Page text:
Monday, March 04, 2013

Scorched: Earth, Energy, and Women

NOTE: I wrote Scorched: Earth, Energy, and Women as a submission to an art exhibition and literary reading titled Earth/Energy: Through Women's Eyes. It was published in a chapbook with other selections, but it has a very limited sphere of influence in that format. I want to share it with more people, so I am putting it on my blog. Someone researching the topic may run across it and find it useful. ~LD
The first woman to throw a haunch of venison onto a pile of burning sticks began an intimate relationship between women, the earth, and energy that continues to this day. The earth produces combustible materials – biomass – that women have used since prehistory to cook meals, heat homes, and provide lighting. Research quantifies that women worldwide do the majority of the work associated with these tasks, a conclusion that most women would find self-evident.

 The major source for household energy for half the world’s population is biomass, primarily wood, dung, or coal. When those fuels are scarce, leaves, grass, and agricultural residue are secondary resources. The half of the world’s population that does not rely on biomass are primarily urban dwellers in third world countries and the general population in developed countries who cook and heat their homes with biofuels like liquefied petroleum gas, natural gas, kerosene, and methane.

 It is reasonable for those of us living in fuel-rich America to ask what difference it makes if third world women use biomass or biofuel in their homes. Do you want to cook? Turn on your stove. Its burners will glow with electric heat or erupt in a tiny ring of clean, blue, natural gas flame. For backyard grilling, we use bottled gas or a bag of charcoal. The most inconvenienced the average women here ever gets is when she goes on a camping trip that requires a wood fire. Cooking out while camping is considered enjoyable and chopped wood is readily available in campgrounds and at the grocery store.

 Contrast the casual availability of cooking and heating fuel in our homes to the daily grind of a rural villager in any underdeveloped country. Women and children gather most of the biomass fuel used in these homes. Sometimes they use the byproducts of their gardens for fuel. Often, they try to conserve fuel sources for future use by protecting common areas surrounding their villages from overgrazing or deforestation. But the reality for most of these women is that biomass is scarce.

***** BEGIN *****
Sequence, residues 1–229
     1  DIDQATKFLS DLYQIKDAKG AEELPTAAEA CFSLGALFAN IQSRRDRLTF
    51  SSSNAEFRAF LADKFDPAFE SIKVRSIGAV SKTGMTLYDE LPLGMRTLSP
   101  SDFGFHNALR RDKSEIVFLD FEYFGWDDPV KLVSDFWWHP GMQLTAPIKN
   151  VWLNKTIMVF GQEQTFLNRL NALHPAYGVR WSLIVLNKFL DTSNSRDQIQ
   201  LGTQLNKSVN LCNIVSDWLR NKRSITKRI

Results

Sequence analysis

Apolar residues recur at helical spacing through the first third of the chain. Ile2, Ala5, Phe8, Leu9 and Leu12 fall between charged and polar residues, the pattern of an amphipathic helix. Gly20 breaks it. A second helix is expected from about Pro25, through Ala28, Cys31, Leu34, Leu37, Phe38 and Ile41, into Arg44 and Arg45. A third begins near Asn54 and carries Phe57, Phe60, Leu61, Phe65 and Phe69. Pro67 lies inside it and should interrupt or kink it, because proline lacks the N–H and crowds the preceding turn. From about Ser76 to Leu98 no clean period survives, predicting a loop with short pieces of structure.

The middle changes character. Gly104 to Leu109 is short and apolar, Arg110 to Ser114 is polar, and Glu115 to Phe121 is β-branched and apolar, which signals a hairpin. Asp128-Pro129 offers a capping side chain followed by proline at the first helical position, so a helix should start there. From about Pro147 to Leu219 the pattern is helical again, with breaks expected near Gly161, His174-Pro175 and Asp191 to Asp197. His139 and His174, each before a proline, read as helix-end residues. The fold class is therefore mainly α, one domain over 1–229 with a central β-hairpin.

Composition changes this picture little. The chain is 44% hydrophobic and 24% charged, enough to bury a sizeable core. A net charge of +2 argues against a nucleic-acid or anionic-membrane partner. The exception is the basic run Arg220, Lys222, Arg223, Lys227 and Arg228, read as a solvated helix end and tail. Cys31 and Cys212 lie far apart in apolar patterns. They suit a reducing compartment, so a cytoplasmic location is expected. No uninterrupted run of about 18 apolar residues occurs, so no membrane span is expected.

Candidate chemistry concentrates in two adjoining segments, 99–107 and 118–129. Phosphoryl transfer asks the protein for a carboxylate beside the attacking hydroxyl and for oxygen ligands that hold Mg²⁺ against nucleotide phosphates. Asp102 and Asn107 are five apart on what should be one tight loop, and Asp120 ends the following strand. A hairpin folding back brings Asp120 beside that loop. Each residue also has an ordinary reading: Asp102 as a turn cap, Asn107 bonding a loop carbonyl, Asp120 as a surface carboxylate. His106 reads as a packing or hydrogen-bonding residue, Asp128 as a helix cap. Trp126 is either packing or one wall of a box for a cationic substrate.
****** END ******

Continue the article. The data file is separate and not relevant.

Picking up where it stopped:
Fuel scarcity is a problem for 60 percent of the households in Africa, 80 percent in Asia, and nearly 40 percent in Latin American and the Caribbean. Women and children spend hours searching for available fuel. In fuel-scarce areas, the time needed to collect fuel for household use can range from one to five hours per household per day.

 Why does that matter? It matters because there are that many fewer hours to grow food, to go to school, or to produce goods to sell. The list could go on. Without cooking, the basic foods of most poor cultures - rice and beans - are inedible. Without hot water, bodies and clothing remain unwashed. Without heat, families suffer in cold weather. And the arduous journeys to distant locales undertaken daily to secure fuel often put women and girls in harms way.

 The irony is that once these families acquire the day’s ration of wood, dung, or coal, their problems increase. Biomass fuels do not burn well and emit toxic fumes that cause health problems in the women and children exposed to them. In one paper, the authors assert that “Biomass fuel used for cooking results in widespread exposure to indoor air pollution, affecting nearly 3 billion people throughout the world.” The authors further state that an estimated 2.2 – 2.8 million deaths annually occur because of indoor air pollution from biomass fuels. One million of these deaths result from acute lower respiratory infections among infants and children. Other reports note that indoor air pollution from biomass fuels has caused increases in the incidence of both tuberculosis and blindness among users.

 Where does the knowledge of one more problem among poor and destitute women leave us? Short of inventing the perfect, low-cost, renewable energy technology, how can we help? Two things stood out as I read papers and articles on women and energy. First, this is a gender issue and political action to secure gender equality at home and internationally is crucial. Second, Non-Governmental Organizations are out there working on the problem and they need donors and volunteers.

 Now that you know about the issues, I hope that you are motivated to educate yourself about using the Earth’s biomass as energy. Any way you can help solve these problems will make a difference.

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